Excluding the sillier versions of postmodernism which claim that things do not exist if we do not talk about them, I think there might be a case to answer. Not that I am particularly happy with that idea. As you may have gleaned from the posts here in the past, I have a background in science, and science does not really do postmodern. A frequent stance, after all, between scientists and postmodernists is that of distinct hostility (see the Sokal Affair: http://en.wikipedia.org/wiki/Sokal_affair). Still, let me ponder my ponderings and see if a case can be made that I am, in fact, a postmodern wargamer.
One of the main tenets of postmodernism is a rejection of meta-narratives, by which is meant a rejection of overarching explanations of events, people and things. Thus, postmodernity can reject such ideas as ‘progress’, on the basis that progress is only progress for some, for others it is exploitation. Similarly, hierarchical structures of human society can be rejected as exploitative; things do not have to be as they have always been, as used to be assumed in, say, the medieval period.
Whether this last point is historically true is rather moot, or we would still be there, of course, but that is not really the point here.
With respect to this blog, I suspect that it does tend to reject overarching narratives of wargaming. As I have mentioned several times before, I do not believe the notion that one set of core rules can provide a reasonably accurate representation of warfare over the last several thousand years, no matter how much chrome is applied in the form of expansion packs, extra rules and army lists and so on. I do get somewhat disheartened by the selling of large sets of very expensive rule sets whose mechanisms basically refer back to one original idea in a given period.
So that, I suppose, is the first tick in the postmodern box. I do not buy into the idea of an overarching rule set, from which all other rule sets are derived, with just a bit of polishing.
A second point is that, more or less as a consequence, I do not agree with this idea that a single model of an event will capture the events, or even a reasonable subset of events. That is, a single model or rule set will not capture all the nuances of a battle.
At some level, this is astoundingly obvious. An army level rule set will not, cannot, capture the events of a single person at, say, the Battle of Balaklava. Some individuals were in the lancers charging up the valley, some in the infantry or the heavy brigade, some making tea in the camp overlooking the whole debacle. A few were generals. We might be able to capture the important events and influences on the units, but not the trajectory of the individuals on the day.
To tackle the events in an individual’s battle, we would need to narrow the focus to, say, a skirmish level game, or even a role playing game. This, of course, would allow us to track the progress of the individual, but we lose the bigger picture, at the unit or army level.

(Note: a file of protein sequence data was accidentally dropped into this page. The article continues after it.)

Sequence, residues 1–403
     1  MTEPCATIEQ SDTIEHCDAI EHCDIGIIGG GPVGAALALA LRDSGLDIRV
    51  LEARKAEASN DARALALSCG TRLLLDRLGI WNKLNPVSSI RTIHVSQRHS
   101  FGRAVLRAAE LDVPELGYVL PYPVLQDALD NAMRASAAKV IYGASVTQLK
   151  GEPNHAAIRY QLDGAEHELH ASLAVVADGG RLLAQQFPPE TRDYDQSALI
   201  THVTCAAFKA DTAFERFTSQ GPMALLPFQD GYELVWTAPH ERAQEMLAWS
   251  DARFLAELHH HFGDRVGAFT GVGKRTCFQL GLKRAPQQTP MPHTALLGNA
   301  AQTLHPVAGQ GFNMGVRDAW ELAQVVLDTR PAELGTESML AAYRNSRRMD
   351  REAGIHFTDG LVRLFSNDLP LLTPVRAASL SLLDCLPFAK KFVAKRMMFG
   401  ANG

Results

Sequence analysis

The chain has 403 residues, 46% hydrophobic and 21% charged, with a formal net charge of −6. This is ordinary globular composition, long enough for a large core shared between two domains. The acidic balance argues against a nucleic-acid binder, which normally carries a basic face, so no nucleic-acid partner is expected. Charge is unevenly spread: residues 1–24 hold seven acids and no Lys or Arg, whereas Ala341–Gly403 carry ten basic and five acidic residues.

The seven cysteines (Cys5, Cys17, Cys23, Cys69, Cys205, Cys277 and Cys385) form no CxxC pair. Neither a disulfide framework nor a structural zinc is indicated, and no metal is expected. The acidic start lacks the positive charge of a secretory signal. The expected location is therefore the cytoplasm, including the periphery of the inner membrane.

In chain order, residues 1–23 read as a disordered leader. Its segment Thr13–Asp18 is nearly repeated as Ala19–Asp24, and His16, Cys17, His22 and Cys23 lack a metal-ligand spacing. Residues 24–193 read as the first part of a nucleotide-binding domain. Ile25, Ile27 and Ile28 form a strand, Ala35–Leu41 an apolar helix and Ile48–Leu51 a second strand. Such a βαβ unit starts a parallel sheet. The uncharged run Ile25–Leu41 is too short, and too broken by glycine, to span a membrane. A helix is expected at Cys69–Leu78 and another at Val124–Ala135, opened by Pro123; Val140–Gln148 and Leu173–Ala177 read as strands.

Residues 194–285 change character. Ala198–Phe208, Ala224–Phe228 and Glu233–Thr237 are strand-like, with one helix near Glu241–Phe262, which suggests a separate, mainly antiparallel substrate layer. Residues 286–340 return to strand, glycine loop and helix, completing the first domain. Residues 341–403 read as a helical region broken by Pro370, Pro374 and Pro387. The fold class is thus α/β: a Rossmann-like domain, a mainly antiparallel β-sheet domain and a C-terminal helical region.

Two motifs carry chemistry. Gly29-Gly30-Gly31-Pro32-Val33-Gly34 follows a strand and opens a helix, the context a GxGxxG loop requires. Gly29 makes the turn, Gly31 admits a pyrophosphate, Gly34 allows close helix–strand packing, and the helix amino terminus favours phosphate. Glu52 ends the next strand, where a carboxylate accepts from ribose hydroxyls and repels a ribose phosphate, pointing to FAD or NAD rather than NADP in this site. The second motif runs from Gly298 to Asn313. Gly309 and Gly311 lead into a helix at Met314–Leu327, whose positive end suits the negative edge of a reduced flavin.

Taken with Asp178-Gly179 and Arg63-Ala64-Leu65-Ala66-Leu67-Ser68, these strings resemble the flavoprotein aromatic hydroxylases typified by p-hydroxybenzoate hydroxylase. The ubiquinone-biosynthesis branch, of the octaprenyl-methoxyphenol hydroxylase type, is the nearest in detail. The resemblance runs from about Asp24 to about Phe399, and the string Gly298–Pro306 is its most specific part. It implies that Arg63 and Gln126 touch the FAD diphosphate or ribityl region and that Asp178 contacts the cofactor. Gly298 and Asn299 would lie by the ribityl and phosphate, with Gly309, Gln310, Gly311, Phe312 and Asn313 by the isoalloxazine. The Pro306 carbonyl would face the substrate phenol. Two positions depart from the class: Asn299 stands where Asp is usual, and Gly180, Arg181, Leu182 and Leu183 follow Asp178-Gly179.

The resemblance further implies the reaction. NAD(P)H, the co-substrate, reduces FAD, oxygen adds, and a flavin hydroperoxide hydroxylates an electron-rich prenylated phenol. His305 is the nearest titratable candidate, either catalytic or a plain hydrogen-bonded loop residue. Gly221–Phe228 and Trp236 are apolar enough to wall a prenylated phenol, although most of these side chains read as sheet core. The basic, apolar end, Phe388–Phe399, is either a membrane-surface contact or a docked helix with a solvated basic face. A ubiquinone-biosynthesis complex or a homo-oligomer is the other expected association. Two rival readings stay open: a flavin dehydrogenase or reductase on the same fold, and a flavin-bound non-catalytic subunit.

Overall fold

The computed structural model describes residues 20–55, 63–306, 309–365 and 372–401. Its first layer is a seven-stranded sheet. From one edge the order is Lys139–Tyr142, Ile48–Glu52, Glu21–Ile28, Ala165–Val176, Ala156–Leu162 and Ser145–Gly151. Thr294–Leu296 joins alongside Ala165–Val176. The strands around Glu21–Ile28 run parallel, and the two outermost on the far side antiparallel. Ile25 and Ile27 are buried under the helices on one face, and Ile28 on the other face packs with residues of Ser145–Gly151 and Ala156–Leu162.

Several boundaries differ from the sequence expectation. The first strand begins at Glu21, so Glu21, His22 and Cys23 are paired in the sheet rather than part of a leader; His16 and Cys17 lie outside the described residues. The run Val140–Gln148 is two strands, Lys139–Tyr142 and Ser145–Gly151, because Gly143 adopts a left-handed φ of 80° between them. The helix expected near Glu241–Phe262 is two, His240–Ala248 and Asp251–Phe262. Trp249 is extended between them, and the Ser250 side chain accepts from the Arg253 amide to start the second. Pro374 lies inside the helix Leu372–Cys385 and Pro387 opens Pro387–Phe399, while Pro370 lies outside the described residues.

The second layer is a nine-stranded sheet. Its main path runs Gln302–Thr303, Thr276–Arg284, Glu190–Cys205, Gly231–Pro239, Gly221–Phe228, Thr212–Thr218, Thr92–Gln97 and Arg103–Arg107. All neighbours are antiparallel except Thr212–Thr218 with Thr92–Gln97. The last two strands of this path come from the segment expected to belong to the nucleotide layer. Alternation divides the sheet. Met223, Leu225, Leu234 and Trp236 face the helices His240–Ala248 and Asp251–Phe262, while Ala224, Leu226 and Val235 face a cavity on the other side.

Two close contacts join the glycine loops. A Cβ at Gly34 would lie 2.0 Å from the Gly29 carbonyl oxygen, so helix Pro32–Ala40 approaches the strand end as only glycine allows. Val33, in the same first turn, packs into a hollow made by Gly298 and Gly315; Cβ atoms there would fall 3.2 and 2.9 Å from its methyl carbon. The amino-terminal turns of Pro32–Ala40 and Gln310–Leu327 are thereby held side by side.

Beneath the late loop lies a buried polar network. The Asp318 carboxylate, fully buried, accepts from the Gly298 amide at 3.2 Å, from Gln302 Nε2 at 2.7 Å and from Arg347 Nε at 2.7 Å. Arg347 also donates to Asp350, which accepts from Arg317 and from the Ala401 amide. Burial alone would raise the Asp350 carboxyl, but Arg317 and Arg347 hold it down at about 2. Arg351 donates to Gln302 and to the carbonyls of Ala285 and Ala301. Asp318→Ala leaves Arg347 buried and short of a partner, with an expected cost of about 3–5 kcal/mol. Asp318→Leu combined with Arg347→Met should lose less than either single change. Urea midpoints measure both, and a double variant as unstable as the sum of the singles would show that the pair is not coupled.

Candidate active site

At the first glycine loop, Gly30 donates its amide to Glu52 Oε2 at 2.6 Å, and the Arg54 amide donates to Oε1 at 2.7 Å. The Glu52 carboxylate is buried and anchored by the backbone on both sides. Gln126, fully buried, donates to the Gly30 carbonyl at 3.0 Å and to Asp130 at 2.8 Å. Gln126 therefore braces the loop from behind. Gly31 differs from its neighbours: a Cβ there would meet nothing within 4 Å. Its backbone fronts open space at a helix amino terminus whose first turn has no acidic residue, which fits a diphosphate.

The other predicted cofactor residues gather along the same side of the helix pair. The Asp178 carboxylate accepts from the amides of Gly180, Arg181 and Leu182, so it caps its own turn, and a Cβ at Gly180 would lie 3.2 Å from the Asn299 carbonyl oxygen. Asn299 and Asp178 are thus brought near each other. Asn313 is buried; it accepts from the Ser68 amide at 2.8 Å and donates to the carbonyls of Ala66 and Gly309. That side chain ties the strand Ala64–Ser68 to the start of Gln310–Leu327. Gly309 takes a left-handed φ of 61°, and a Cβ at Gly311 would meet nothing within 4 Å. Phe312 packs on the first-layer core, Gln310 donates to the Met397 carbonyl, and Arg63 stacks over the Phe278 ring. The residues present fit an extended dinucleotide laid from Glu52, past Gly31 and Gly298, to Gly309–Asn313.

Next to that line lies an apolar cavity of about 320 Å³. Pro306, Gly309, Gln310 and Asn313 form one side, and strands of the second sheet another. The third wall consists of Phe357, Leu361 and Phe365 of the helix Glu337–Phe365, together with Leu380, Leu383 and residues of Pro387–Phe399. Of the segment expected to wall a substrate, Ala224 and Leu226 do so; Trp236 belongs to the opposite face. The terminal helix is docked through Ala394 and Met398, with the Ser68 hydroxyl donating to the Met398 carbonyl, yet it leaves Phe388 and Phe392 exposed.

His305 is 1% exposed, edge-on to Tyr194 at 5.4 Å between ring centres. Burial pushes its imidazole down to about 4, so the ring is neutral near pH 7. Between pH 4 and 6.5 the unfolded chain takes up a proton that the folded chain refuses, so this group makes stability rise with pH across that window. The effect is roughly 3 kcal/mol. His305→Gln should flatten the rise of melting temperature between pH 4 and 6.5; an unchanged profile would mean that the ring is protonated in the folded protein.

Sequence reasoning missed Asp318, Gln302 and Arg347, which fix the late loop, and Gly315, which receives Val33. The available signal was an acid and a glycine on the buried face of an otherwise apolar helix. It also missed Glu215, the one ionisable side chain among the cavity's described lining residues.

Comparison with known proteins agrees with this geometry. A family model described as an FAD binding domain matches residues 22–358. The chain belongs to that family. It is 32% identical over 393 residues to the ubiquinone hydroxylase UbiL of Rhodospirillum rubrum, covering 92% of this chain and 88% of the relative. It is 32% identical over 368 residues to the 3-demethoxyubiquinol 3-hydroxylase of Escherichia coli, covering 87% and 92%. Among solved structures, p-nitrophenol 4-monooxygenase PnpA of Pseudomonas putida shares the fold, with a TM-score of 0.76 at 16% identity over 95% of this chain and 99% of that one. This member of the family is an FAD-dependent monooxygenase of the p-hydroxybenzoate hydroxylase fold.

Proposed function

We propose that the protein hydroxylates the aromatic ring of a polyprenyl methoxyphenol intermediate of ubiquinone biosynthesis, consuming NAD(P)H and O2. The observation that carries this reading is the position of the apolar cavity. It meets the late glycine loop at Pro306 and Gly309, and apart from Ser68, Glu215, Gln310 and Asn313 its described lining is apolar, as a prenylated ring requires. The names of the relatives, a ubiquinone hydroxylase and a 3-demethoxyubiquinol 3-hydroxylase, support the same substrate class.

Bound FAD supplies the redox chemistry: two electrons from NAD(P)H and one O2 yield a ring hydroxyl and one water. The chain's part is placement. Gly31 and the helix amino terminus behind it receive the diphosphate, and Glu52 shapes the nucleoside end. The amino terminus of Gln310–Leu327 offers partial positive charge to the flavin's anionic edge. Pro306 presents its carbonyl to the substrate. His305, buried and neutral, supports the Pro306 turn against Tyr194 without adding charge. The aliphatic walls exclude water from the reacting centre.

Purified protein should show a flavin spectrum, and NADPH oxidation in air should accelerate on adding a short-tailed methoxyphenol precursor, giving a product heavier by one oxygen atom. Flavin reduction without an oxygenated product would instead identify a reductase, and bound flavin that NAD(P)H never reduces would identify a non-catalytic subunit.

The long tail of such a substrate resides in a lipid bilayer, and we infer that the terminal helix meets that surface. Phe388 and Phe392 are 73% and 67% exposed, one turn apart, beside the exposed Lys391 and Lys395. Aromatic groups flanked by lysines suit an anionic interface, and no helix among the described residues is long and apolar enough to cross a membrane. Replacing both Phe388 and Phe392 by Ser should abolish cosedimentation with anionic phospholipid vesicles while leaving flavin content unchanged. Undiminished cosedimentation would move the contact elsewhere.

I also do not think that we can, in principle, assume that many role playing game level activities going on will give us the battle. An army unit is, in some senses, more than just a crowd of people. It has training as a unit, esprit de corps, and whatever else is drilled into it. It is not just a bunch of several hundred people hanging around together. So even several hundred role players will not, I suspect, give us a historical unit’s behaviour.
Even at a given level, I am really not sure that a single model will yield the results that we need. Any model surely has to take some sort of average of behaviour, and exclude the extremes. A unit may have run at the first shot, but most units do not do this. The average tends to blend out the extreme. So we have to choose our models to pick out the things that we thinks are important, and the way we think they are important.
Clearly, these decisions about importance and the interactions of the important things will vary among models. At a simple level, interactions between training, morale and tactics will determine how we are imagining our soldiers will fight. Some may close in for close action; others stand off and shoot at long range. This may not be due to a single factor, but the ways even these three items can interact can, and will, vary from model to model.
If, therefore, postmodernism indicates a fragmentation of overarching narratives, then, as a wargamer, I probably am one.
If postmodernism means that I do not think that one single description of reality (or, in this case, a historical event) will do, then again, I suppose I am probably, in that sense, postmodern.
Furthermore, I have, in these posts, occasionally questioned our sources of historical, and hence, wargamer-ly information. I suspect that lurking somewhere in here is something that could be accused of postmodernism – a scepticism about what people have written and why. As it happens, I do not subscribe to postmodern theories of deconstruction (which I think tend to the incoherent), but I do think that, as wargamers, we have a tendency to pick out the bits about battles we like and ignore the rest.
As a brief example, frequently classical writers bemoan the poor state of the army, and explain how a new general got them up, trained, fit and generally raring to go, and thus winning the next campaign before the enemy (used to the old, lax, army) got out of bed. This happens too often to be particularly true, I think; it is a literary trick to explain a success, to lay it in the hands of the victor. We need to be more careful with how we read, but we do not need to dismiss everything we do read.
So, counting up the issues here, I seem to be about two-thirds postmodern.
I'm not sure whether to say 'oh dear' or 'hooray'...